Unfortunately, those conversations do happen. Happened to me last week at the beach, when an Ojisan walked past us, backed up, kneels down to us, and while staring at my wife’s chest, asked HER “where you are from?”. I might have perhaps, even enjoyed the conversation, if it was not actually apparently taking place between him and my wife’s breasts. So unless some guy randomly walks up to me and asks ME where I am from(and yes THAT never happens), do excuse me and my wife for rolling our eyes when it happens to her for the umpteenth time. And yes we can tell, when someone is actually interested in talking to foreigners, and when they are just interested in her.

    But again, apparently you are least bit interested in listening to what the other person is saying or even acknowledging that others, being different from you in gender, race or age, may have experiences that differ slightly from yours. You have decided that things were better earlier(and damn even the locals for daring to change!) and only those things that you as a male experience, are the sole experiences possible. And by god, that is how it shall and must be!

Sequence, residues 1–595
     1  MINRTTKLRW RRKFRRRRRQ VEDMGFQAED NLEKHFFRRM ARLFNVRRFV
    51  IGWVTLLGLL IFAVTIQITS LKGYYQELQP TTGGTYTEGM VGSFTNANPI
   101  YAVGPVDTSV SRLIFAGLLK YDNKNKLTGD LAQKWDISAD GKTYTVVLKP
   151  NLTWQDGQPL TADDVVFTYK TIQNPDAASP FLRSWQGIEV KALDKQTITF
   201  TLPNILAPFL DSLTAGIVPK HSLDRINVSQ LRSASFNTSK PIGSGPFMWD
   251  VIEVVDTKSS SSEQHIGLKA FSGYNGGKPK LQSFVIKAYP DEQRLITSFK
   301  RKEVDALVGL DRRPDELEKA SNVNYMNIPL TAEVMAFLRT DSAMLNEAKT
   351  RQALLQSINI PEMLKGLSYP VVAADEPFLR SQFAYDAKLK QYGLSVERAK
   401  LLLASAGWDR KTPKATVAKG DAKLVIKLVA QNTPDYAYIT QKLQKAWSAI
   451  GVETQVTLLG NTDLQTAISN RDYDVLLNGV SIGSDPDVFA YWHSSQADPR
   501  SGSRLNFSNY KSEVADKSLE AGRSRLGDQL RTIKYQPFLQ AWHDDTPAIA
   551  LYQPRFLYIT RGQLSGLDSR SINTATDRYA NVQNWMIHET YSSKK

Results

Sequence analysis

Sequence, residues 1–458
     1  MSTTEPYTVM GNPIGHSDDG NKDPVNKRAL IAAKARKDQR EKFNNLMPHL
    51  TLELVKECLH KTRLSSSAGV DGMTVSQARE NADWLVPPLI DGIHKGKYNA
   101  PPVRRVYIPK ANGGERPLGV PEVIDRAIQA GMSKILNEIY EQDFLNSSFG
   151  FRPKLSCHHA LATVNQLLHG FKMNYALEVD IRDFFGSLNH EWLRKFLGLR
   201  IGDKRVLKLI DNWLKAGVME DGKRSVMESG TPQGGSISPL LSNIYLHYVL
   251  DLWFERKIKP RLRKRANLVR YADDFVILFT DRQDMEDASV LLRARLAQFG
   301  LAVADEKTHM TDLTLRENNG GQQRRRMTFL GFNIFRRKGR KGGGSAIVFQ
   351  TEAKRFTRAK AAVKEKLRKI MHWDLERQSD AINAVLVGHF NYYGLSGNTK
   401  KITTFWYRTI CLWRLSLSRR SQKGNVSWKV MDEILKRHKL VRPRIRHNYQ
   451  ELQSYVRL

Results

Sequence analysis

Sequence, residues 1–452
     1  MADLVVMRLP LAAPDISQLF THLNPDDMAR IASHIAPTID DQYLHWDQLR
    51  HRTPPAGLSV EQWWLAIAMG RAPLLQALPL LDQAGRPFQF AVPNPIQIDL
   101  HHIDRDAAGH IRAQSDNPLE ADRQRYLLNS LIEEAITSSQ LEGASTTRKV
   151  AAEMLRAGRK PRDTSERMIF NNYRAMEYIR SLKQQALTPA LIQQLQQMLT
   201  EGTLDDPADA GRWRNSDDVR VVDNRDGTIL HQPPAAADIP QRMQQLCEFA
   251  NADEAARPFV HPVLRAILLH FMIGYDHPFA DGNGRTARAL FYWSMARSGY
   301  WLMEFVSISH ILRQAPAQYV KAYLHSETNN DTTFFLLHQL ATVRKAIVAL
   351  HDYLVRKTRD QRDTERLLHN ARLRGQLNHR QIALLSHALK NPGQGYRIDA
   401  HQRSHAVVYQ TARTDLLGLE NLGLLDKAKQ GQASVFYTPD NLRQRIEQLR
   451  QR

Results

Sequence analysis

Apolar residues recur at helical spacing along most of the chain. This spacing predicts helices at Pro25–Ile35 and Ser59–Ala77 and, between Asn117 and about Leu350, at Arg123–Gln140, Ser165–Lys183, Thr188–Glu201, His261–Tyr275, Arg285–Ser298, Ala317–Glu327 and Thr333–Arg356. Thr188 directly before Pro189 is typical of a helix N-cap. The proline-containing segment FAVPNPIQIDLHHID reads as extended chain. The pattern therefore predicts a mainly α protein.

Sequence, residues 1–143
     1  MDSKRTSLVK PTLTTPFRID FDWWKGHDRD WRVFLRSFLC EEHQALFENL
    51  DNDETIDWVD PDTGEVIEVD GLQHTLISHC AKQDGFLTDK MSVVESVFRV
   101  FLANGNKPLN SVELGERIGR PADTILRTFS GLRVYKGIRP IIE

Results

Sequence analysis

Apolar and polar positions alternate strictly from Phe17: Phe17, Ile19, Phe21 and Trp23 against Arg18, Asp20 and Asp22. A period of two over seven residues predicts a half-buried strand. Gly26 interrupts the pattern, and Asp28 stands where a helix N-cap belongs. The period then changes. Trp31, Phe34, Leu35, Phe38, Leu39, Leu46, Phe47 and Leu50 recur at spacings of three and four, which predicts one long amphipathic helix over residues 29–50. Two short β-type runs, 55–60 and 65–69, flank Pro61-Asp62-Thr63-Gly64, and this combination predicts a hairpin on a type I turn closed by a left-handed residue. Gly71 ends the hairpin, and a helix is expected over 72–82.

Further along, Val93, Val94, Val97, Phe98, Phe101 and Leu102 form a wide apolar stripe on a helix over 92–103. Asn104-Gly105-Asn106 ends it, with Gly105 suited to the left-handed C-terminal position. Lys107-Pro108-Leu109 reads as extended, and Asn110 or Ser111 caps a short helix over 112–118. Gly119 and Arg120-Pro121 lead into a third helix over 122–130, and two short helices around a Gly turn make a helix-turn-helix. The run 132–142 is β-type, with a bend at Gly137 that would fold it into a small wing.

I wonder, who is more arrogant though? Anna for merely expressing how she felt? Or you for deciding that young females cannot possibly experience that differ from yours? I doubt that you care either ways. For you, it is more about who “won” the argument, even if it means excusing a very rude man as an enlightened zen-master making a “broad point on society” in a train, by harassing a young foreigner female. Being courteous and polite to females, apparently, is not a part of your upbringing or definition of “manners” though.